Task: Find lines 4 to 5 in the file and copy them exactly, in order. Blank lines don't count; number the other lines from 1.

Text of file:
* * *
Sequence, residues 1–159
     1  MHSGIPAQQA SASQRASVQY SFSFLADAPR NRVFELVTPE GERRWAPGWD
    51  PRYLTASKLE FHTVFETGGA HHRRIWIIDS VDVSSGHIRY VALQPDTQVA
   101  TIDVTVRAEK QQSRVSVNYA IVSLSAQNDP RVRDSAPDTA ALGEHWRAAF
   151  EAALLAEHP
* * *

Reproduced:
   101  TIDVTVRAEK QQSRVSVNYA IVSLSAQNDP RVRDSAPDTA ALGEHWRAAF
   151  EAALLAEHP